A press conference was held with the tournament director, Ysern, to address the security concerns and while the Frenchman acknowledged the mistake, he said no changes will be made to the safety procedures at the event.

“I think, well, some extent it's not the end of the world. Of course we should not make too big a case of that, but it's embarrassing, of course, for Roland Garros, when something like that happens,” said Ysern.

“Well, it simply shows that we collectively as an organisation made a mistake and we will have to correct that, of course, and make sure it doesn't happen again.

“I'm not going to tell you I'm happy with what happened this afternoon. But honestly, at this stage there is no reason for us to change the security procedures. They are organised; it was just a lack of judgment this afternoon.”

Meanwhile, a visibly irate Wawrinka was asked to react to an article that was posted on on Saturday, before getting removed some 90 minutes later, that carried the headline “Stan the Man versus Ilhan and Ilham”. Marsel Ilhan was the Turkish opponent he defeated in straight sets yesterday, and Ilham is Wawrinka’s soon-to-be ex-wife.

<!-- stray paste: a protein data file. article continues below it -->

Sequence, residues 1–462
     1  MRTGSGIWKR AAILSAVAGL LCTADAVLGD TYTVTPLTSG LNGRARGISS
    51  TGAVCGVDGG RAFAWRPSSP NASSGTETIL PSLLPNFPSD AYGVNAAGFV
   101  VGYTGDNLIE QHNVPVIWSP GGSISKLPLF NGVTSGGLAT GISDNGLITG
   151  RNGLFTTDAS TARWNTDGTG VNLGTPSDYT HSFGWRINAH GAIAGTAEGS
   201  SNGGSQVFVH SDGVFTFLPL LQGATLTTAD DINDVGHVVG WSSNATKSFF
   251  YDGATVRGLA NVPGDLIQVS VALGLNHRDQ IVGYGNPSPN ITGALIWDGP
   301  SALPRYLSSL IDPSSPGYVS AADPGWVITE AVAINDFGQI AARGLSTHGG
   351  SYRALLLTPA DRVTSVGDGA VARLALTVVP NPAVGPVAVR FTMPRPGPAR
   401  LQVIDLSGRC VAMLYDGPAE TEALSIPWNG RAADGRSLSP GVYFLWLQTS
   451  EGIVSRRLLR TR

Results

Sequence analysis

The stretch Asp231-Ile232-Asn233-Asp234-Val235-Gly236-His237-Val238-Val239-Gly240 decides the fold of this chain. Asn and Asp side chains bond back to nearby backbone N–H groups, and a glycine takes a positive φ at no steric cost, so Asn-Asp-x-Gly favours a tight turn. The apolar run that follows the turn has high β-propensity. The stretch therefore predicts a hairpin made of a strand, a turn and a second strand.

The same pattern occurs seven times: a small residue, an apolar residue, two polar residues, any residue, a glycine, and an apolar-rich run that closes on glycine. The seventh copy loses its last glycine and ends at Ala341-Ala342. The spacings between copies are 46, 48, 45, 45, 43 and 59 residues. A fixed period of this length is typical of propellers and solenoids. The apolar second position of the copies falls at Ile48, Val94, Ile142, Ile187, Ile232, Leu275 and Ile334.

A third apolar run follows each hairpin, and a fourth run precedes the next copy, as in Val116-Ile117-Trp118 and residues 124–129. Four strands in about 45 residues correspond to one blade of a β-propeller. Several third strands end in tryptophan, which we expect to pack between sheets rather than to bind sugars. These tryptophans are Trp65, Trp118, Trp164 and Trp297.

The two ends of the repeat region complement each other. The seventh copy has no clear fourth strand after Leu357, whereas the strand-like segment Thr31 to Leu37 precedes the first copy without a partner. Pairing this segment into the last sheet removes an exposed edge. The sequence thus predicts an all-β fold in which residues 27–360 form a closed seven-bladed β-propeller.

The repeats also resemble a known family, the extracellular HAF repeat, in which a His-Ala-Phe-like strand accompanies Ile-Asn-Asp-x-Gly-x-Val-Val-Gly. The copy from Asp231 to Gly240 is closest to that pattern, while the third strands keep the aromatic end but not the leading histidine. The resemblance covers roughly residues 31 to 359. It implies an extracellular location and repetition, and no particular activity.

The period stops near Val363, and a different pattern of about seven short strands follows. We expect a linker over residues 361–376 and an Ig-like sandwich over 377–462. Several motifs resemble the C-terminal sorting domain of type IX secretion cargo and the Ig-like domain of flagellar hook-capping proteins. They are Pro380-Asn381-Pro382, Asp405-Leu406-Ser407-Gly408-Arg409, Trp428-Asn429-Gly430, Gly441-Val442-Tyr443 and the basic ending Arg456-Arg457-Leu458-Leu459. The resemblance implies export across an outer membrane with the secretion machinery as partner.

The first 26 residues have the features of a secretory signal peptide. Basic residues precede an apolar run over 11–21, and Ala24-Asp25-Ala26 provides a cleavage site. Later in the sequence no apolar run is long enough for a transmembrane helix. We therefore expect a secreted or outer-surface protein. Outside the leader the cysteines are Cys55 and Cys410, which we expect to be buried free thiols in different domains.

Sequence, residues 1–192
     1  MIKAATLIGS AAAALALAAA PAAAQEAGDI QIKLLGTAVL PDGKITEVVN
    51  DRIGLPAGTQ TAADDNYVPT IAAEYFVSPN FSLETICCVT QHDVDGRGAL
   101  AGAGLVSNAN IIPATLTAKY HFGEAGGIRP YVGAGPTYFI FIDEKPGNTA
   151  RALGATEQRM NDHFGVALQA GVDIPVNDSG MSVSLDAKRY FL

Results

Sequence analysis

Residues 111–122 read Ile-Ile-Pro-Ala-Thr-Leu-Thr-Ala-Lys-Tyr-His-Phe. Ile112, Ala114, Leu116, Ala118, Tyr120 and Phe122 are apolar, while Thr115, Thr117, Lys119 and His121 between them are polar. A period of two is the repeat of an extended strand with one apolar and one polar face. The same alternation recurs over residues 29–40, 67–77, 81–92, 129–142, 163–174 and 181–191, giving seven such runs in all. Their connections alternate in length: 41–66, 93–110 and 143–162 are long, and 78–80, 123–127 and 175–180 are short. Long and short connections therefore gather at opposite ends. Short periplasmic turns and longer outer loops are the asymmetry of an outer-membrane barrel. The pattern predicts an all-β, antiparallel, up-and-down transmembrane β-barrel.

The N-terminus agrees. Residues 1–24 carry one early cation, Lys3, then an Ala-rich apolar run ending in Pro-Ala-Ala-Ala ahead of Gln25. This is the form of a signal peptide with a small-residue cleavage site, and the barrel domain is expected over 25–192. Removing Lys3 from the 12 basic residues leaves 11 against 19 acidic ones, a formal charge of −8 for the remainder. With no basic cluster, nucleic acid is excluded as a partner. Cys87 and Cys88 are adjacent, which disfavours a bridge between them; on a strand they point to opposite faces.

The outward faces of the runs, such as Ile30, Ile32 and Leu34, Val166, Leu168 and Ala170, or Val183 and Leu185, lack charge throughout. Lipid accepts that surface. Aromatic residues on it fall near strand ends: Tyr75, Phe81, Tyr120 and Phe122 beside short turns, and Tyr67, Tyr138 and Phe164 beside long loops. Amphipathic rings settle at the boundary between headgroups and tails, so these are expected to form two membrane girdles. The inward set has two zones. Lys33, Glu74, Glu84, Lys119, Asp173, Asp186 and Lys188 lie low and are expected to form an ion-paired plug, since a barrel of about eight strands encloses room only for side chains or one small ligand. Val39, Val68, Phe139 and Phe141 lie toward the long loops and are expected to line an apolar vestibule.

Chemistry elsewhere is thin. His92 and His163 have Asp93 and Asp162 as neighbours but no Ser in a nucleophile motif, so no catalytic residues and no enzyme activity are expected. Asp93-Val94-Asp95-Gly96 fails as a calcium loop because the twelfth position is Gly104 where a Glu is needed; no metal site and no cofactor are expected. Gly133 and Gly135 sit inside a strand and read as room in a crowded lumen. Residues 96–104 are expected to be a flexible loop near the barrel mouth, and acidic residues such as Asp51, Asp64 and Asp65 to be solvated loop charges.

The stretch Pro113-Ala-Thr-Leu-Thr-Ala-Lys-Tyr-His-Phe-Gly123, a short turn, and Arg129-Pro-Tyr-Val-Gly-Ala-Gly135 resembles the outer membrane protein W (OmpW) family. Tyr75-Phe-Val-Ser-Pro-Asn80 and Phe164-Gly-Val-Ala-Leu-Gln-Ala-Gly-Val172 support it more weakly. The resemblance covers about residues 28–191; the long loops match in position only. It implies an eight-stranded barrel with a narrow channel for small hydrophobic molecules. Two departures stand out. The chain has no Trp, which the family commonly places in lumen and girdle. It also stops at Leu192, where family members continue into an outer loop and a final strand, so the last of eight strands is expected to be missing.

The article talked about Wawrinka leaving his wife, twice, and then suggested the 30-year-old was in a relationship with 18-year-old Croat player Donna Vekic.

“He may have more in common with 18-year-old Croat phenom Donna Vekic than just an agent. Apparently that news had come from the Vekic camp,” claimed the article.

The administrators of the official French Open website initially changed the headline before they eventually took it down completely.

“Completely stupid article. It's an official website of a grand slam, so I hope the guy who did that article is not a journalist. I also hope the guy who is supposed to check all the article on the website is not working anymore for the tournament,” said Wawrinka.

“I saw the article last night. I told the tournament that I wasn't really happy about it, and I don't think it was great for the tournament to do that shit article.”

Ysern again admitted to the mistake, saying: “We have to pay attention when we proofread the papers. But given what we have on the Internet, so many people write so many things, so many papers.

“So controlling this is complicated. It's complicated to control all levels, but we have to do this. When we missed this yesterday, we tried to catch up. Of course, we got rid of this article, and that's all. Everybody has faults. We have to admit it.”